Rocky Mountain Section - 72nd Annual Meeting - 2020

Paper No. 4-11
Presentation Time: 8:30 AM-4:30 PM


SMITH, Kayla D.1, BRADBURY, Kelly K.1, PAULDING, Anna A.1, PETRIE, Elizabeth S.2 and EVANS, James P.3, (1)Department of Geosciences, Utah State University, 4505 Old Main Hill, Logan, UT 84322, (2)Western State Colorado University, 600 N Adams St, Gunnison, CO 81231, (3)Geosciences, Utah State University, 4505 Old Main Hill, Logan, UT 84322

Induced seismicity in the midcontinent region of the US is a geologic hazard identified by GSA to be a Critical Issues topic. The increase in both intensity and occurrence of earthquakes has been directly linked to reactivation of subsurface faults due to high rates of wastewater fluid injection at ~ 1–5 kilometers depth, near the Paleozoic sedimentary - Precambrian crystalline basement rock nonconformity interface. While much is known about the potential causes of induced seismicity, comparatively little is known about the physical and chemical rock properties as they influence permeability architecture because the nonconformity contact is only locally exposed in the midcontinent region.

We characterize the degree of fluid-rock interactions observed to infer how high-pressure injection may influence fluid migration across the nonconformity interface. We use a drillcore analog from SE Minnesota representative of subsurface geology within the midcontinent region. The major goals of this research are to: 1) examine the spatial distribution of structural features, mineralogy, and alteration in the drillcore using petrography, whole-rock X-ray diffraction and X-ray fluorescence analyses; and 2) provide a comparative set of detailed rock properties and lab permeability measurements that can be directly correlated to microscale textural variations.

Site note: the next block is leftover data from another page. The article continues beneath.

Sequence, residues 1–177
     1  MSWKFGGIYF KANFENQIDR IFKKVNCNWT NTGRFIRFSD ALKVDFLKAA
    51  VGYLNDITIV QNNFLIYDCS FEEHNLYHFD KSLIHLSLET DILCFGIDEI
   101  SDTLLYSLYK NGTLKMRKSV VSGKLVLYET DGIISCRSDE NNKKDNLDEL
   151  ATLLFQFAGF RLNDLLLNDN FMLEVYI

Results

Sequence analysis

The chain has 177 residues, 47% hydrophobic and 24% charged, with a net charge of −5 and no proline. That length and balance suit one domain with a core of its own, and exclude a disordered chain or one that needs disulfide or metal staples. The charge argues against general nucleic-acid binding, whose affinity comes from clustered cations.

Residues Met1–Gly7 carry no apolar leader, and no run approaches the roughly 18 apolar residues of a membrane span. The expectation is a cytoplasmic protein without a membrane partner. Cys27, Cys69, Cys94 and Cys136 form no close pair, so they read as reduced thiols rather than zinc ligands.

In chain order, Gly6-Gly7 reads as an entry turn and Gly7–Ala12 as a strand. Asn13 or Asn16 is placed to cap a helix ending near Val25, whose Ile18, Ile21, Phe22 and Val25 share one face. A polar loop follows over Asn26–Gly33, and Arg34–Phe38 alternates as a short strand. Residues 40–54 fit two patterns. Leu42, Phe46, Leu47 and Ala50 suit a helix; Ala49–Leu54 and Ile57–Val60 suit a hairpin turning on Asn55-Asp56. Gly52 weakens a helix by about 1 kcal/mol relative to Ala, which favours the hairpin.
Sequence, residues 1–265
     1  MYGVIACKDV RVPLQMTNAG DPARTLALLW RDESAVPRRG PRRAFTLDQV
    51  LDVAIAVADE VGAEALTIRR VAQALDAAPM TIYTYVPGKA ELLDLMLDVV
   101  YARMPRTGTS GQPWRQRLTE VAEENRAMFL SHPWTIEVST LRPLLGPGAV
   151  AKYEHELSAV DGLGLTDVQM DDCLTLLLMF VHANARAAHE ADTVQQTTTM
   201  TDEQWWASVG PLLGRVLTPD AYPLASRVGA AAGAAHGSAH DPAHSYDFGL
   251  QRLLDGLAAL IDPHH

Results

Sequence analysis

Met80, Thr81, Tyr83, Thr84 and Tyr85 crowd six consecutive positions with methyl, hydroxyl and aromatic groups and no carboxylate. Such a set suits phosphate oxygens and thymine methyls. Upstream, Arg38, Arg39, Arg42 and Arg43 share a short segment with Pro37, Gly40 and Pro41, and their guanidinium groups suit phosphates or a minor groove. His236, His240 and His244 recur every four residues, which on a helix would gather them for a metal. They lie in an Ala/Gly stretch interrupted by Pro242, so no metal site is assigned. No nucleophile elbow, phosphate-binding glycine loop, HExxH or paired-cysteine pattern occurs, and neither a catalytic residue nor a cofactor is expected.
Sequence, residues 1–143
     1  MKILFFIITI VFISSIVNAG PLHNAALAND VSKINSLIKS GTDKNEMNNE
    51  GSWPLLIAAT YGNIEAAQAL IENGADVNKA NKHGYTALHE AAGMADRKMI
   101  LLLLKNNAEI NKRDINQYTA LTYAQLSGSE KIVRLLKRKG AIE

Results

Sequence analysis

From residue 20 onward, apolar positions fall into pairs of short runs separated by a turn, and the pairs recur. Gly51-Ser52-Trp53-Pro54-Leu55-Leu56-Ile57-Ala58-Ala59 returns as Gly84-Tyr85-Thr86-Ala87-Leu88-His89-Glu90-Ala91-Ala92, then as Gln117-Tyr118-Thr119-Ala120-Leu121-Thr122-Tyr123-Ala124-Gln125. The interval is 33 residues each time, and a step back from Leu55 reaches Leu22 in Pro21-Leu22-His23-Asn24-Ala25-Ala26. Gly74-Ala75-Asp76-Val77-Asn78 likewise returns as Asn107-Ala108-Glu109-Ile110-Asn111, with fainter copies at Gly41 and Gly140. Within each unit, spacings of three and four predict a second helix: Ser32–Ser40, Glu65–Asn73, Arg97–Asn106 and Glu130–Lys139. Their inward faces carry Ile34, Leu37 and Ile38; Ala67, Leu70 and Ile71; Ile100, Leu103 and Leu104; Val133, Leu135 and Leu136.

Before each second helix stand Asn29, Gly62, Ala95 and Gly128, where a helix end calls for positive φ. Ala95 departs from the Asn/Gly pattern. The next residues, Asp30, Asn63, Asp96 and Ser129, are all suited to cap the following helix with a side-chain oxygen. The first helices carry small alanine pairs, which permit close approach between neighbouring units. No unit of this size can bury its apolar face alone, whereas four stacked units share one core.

The drillcore samples display a variety of mineralogical alteration ranging from ~6 m above to ~ 95 m below the nonconformity contact. Intensity of alteration is strongest closest to the contact and permeability is highly variable to ~60 m below the contact. Fractures and slip surfaces occur parallel and at high-angles to basement foliation fabric and exhibit significant porosity or clay alteration. Vein textures and mineralogical compositions suggest complicated deformation and fluid-rock interaction histories within the crystalline basement rock. These observations support past research on nonconformity interface analogs and suggest: 1) alteration should be modeled as a separate hydro-lithologic unit and not assumed to be homogenous or impermeable; and 2) pre-existing faults, fractures, and vein systems are potentially more susceptible to alteration and may lead to fault zone weakening and reactivation.